The e-cig industry poured money into lobbying prior to Trump's reversal on vaping ban

Trump's reversal on vaping isn't merely impulsive, but exemplary of Big Tobacco's (or Big Vape's) hold on D.C.

By Nicole Karlis

Senior Writer

Published November 18, 2019 6:54PM (EST)

A woman using an electronic cigarette (AP Photo/Tony Dejak)
A woman using an electronic cigarette (AP Photo/Tony Dejak)

In September, news broke that President Donald Trump was moving to ban most flavored e-cigarettes.

“We can’t allow people to get sick,” he said. “And we can’t have our youth be so affected.”

Two months later, the administration reportedly had everything in order to announce it would order candy, fruit and mint flavors off the market within 30 days. Then, Trump decided not to sign the memo at the last minute.

According to a Washington Post report published on Sunday evening, Trump backed out of signing the memo on the order on the evening of November 4, the night before a news conference.

According to the report:

Briefed on a flight to a Lexington, Ky., campaign rally, he refused to sign the one-page "decision memo,” saying he didn’t want to move forward with a ban he had once backed, primarily at his wife’s and daughter’s urging, because he feared it would lead to job losses, said a Trump adviser who spoke on the condition of anonymity to reveal internal deliberations.

Notably, there was a social media campaign to respond to Trump’s proposed ban. On Twitter, people used the hashtag #IVapeIVote to share their stories about how a ban would send them back to cigarettes. Other tweeted Trump directly, threatening to not vote for him if he moved forward with the ban. According to the Washington Post, the collective criticism was too much for Trump to handle — from articles to rallies protesting the proposed vaping ban. Brad Parscale, Trump’s campaign manager, reportedly warned him the ban could hurt him in battleground states, too.

On Nov. 11, Trump said on Twitter that he would be “meeting with representatives of the vaping industry, together with medical professionals and individual state representatives, to come up with an acceptable solution to the vaping and E-cigarette dilemma.”

Trump is known for his impulsive behavior, so often illustrated on his Twitter account and which often comes into play in more serious decisions like pulling US troops out of Syria. History suggests a reversal on a vaping ban was likely. Yet it is also a reminder of the hold Big Tobacco continues to have on Washington.

As reported by The Guardian, the country’s largest cigarette manufacturers, Reynolds American and Altria Group, donated $1.5 million to Trump’s inauguration, which put them in a special donor category that gave them access to a “leadership luncheon” advertised as an “exclusive inaugural event.”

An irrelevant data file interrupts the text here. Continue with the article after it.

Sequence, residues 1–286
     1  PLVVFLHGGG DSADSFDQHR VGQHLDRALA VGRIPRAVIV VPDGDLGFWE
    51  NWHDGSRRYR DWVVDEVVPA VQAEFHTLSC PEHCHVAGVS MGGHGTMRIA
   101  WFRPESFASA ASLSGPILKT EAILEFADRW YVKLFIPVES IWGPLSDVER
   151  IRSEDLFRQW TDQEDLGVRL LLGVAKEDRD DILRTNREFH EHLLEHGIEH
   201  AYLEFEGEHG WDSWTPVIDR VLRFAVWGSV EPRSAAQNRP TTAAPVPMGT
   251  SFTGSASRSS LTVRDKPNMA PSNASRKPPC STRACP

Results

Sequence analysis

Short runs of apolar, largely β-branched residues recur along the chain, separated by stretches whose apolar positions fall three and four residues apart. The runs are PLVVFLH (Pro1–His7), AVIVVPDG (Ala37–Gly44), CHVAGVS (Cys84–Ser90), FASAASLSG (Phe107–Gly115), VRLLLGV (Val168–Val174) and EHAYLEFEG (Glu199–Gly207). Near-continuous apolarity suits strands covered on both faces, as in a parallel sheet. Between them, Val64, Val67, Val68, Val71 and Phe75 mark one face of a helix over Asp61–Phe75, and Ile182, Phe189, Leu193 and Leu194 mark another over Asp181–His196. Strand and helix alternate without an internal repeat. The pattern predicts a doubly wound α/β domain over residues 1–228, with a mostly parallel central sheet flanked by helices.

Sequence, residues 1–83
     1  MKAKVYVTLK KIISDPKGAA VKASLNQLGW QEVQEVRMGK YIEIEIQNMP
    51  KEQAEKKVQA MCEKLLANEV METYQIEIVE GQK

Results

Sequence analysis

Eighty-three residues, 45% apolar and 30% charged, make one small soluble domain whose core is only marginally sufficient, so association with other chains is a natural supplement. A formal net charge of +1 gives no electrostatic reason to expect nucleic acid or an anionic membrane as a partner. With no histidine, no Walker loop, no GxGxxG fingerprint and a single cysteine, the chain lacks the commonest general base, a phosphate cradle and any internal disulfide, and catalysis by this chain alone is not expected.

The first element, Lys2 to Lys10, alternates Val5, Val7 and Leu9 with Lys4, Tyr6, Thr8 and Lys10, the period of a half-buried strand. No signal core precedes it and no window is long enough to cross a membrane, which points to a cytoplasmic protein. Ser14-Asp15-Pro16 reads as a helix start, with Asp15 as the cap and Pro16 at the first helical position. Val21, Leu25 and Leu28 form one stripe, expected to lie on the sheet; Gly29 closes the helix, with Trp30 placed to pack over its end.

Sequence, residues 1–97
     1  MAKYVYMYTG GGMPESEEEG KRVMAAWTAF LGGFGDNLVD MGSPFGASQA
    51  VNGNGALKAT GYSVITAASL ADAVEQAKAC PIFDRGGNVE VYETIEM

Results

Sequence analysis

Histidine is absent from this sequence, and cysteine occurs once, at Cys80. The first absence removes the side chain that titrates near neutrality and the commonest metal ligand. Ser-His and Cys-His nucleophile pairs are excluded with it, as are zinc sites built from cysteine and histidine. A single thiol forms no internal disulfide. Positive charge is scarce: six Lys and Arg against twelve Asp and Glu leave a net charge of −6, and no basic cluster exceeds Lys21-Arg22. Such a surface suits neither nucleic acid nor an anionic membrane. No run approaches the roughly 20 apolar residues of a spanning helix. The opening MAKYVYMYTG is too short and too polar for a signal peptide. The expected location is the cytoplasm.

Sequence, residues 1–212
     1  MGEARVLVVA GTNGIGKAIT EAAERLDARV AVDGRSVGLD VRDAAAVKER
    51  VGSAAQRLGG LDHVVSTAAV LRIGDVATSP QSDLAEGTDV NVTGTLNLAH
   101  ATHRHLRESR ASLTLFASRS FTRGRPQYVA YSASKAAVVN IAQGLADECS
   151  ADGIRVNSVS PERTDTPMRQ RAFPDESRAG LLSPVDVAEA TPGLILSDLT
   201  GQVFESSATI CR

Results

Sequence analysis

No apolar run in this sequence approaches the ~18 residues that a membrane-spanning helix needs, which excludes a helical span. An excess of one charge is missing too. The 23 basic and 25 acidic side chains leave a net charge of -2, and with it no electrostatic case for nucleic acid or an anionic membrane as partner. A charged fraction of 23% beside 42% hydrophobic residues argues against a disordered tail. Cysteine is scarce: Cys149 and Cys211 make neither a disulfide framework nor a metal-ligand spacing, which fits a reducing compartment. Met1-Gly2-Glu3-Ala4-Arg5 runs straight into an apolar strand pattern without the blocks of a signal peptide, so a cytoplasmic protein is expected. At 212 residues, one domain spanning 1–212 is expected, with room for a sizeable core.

Anti-tobacco advocacy groups raised concerns at the time.

“With the new Trump administration and Congress trying to roll back health and safety regulations, generally the tobacco industry is seizing the opportunity to mount its own assault on the programs and policies that have reduced smoking in this country,” Vince Willmore, a spokesperson for the Campaign for Tobacco-Free Kids, told The Guardian.

Nobody could have foreseen the vaping crisis unfold as it has today, with the outbreak of a mysterious lung illness that has affected more than 2,000 people and resulted in more than 40 deaths. This outbreak has positioned JUUL Labs, the largest seller of e-cigarettes in the country, at the forefront of the public health crisis. What began life as a project by two Stanford students has become a verb among teens (as in "Juuling"), and e-cigarettes have largely evaded federal crackdowns. JUUL’s new CEO, K.C. Crosthwaite, used to work as the Senior Vice President and Chief Growth Officer of Altria Group, which owns about a 35 percent stake in JUUL. JUUL has also hired former White House advisors and officials.

In a previous report, the Washington Post reported that Trump’s announcement of the proposed ban caught the vaping industry off-guard which triggered them to go into crisis mode and go on a lobbyist hiring spree.  Juul spent $1.2 million on federal lobbying during the third quarter of this year, a record for the company. Perhaps the tweets and in-person protests that swayed Trump are a result of that hefty spending.

By Nicole Karlis

Nicole Karlis is a senior writer at Salon, specializing in health and science. Tweet her @nicolekarlis.

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